Wasps. They are something of a menace for us at this time of
year as they have a propensity to nest in river banks which is often
alarming for both a river keeper armed with a strimmer and the unsuspecting
angler kneeling in the fringe for cover. Now, why wasps particularly like
our banks I do not exactly know, so I set out to find out why.
The wasp year starts in April, the low point in the annual
population cycle. Here in the UK there are roughly 7,000 species of Vespula
but the two you most commonly see are the Common and German wasp, the
typical ‘yellowjackets’ which are the bane of picnics and outdoor dining.
The wasp population in Britain would be huge if it were not for winter;
between October and March the population collapses to just a few
females who survive to create small colonies in the spring with the
population increasing exponentially to a peak in September.
For all their apparent menace, wasps are important to the
ecological balance of our nation – without them we would be overrun by
insects, spiders, caterpillars and greenfly. In total, wasps consume
something in the region of 14 million kilos of invertebrates annually,
which also includes their own – wasps are partial to a bit of cannibalism.
Your garden could literally not exist without the intervention of wasps as
Strangely, however, insects and their like are not the
favoured food for wasps. Sugar from flowers or fruit is their basic diet,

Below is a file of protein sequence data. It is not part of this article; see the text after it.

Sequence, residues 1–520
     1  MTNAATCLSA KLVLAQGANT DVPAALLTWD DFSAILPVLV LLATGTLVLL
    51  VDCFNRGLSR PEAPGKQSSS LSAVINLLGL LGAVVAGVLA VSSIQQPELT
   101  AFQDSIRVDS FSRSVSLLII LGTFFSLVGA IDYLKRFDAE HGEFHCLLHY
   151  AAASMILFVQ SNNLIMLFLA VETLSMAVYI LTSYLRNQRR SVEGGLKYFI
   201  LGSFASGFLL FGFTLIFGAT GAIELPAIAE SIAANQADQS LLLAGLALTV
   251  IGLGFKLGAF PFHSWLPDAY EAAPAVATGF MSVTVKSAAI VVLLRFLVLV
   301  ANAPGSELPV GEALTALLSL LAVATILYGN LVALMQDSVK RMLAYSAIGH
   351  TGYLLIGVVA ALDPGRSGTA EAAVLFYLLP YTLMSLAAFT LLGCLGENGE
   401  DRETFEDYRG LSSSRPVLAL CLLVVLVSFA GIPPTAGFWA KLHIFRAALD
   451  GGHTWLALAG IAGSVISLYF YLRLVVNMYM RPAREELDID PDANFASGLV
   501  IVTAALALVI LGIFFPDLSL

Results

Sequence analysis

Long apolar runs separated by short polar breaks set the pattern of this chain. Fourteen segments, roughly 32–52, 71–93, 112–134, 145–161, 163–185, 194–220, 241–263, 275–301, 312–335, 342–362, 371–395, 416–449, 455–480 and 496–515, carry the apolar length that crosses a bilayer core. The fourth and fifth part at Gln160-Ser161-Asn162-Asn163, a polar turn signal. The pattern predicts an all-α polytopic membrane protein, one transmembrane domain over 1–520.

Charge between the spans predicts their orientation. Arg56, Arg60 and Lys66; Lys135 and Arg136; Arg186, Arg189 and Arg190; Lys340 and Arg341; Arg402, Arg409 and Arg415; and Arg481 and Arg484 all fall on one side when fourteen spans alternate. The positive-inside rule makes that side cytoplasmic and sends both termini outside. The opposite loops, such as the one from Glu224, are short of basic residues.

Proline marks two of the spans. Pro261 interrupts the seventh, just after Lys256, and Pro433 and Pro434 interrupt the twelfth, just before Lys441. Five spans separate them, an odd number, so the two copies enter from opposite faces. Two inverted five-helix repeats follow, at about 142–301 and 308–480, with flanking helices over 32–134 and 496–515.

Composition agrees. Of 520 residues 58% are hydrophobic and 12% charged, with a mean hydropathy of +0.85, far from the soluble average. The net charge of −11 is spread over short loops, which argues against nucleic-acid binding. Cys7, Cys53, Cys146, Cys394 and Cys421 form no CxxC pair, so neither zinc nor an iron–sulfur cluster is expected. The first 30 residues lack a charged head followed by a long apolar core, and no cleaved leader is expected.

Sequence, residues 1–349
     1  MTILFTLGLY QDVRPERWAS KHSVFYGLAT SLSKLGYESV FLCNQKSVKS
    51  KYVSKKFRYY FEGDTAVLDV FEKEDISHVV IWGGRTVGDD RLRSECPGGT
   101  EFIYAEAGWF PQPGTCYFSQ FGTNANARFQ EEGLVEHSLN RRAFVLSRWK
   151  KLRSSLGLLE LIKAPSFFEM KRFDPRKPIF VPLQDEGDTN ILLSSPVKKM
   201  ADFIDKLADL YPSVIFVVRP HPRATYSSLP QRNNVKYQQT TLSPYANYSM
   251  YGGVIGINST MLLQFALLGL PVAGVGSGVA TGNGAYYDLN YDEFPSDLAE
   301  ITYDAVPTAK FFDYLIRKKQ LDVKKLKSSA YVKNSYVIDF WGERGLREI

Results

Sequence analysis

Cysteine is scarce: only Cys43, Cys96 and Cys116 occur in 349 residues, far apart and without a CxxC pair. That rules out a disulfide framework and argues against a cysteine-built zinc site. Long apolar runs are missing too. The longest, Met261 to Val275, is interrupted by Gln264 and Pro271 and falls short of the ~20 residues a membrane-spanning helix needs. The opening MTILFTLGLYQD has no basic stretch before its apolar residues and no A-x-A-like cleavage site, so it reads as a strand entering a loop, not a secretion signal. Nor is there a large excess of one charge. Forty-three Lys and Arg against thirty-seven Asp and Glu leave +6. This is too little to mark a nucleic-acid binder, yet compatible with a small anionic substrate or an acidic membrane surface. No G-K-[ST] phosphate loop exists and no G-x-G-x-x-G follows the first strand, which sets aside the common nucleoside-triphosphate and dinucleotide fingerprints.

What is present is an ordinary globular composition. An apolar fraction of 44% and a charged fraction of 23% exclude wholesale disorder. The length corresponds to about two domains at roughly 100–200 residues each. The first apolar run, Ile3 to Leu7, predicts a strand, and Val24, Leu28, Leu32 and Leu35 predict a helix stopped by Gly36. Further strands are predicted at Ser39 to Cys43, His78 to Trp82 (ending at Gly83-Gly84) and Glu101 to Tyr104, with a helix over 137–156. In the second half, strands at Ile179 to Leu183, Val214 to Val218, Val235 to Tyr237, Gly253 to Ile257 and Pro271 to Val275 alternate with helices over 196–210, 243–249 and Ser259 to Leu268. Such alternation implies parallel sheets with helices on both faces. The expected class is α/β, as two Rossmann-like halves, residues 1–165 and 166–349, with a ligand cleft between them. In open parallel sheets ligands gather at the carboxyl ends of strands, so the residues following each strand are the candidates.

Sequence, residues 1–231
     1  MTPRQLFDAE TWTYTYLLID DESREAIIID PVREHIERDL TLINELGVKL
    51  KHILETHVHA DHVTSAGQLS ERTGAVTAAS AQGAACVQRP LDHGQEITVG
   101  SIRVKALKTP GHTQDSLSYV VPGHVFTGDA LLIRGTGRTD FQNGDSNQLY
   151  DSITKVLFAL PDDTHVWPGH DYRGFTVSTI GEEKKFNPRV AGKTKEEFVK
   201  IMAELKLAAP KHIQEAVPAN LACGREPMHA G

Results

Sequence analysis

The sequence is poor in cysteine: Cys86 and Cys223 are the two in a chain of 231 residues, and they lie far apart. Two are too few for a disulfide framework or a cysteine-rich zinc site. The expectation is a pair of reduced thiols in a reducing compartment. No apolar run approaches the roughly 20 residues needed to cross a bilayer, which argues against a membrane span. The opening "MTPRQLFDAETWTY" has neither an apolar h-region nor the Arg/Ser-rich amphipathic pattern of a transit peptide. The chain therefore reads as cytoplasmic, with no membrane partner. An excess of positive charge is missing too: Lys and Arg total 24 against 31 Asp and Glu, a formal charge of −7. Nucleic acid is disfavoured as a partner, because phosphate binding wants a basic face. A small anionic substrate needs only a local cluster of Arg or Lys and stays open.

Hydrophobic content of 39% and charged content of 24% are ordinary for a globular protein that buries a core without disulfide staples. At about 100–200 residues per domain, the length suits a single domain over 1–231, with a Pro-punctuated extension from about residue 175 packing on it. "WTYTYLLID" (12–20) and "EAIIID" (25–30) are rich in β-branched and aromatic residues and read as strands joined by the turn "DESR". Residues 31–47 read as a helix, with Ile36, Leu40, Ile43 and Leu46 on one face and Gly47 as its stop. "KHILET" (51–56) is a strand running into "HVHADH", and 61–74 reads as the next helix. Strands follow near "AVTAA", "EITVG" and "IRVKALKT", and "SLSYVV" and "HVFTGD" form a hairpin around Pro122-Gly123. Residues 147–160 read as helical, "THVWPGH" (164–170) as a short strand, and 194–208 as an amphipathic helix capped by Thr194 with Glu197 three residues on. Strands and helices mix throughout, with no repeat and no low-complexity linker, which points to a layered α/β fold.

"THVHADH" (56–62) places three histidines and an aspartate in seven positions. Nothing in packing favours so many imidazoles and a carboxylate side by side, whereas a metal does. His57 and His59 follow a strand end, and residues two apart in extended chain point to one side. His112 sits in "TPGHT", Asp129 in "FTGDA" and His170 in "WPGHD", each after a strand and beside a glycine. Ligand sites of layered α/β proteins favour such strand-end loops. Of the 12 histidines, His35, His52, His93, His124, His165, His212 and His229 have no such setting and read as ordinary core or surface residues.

making them accidental pollinators or they eat the sugar produced by larvae
in the nests. But once they have young to feed, they switch to the
invertebrates, moving as most dieticians would advise, from carbs to
protein as they rear families in nests which can be as large at 10,000
As we probably have all experienced, wasps have a painful,
but generally non-fatal sting that they deploy, as with most creatures, by
way of defence rather than attack. However, unlike bees that die after
inflicting a single sting, wasps are able to sting multiple times and live
to tell the tale. You may also wonder what is the difference between a
hornet, that has a far more painful sting, and a wasp? There is in fact
none. Hornets are simply large wasps, growing up to 55mm in length compared
to a more normal 20mm. However, if the size does not give it away the
easiest way to differentiate the two is that hornet colourings are brown
where a wasp would be black.
It seems wasps are not particularly fussy about where they
nest: buildings, log piles, hanging from branches (pictured) or in the
hollow of trees …… in fact, just about anywhere dry, safe and sound.
However, nowhere in my research could I find a specific mention
of river banks so my best guess is that as the late summer population
explodes wasps have to seek out new, but secondary nesting sites which sees
them occupying the now-dry-but-vacant homes of voles, moles and other
Of course, I could well be wrong so if anyone has the
definitive explanation, I’d be delighted to hear it. In the meantime, go
carefully along any riverbank!
What is a good
What do you consider a good catch in a day? 2? 5? 10? Or are
you simply grateful if any fish, of any size, troubles your hook? Well,
should you be Jeff Kolodzinski of Illinois, USA you will be counting your
daily catch in not singles, dozens or hundreds, but in thousands. For Jeff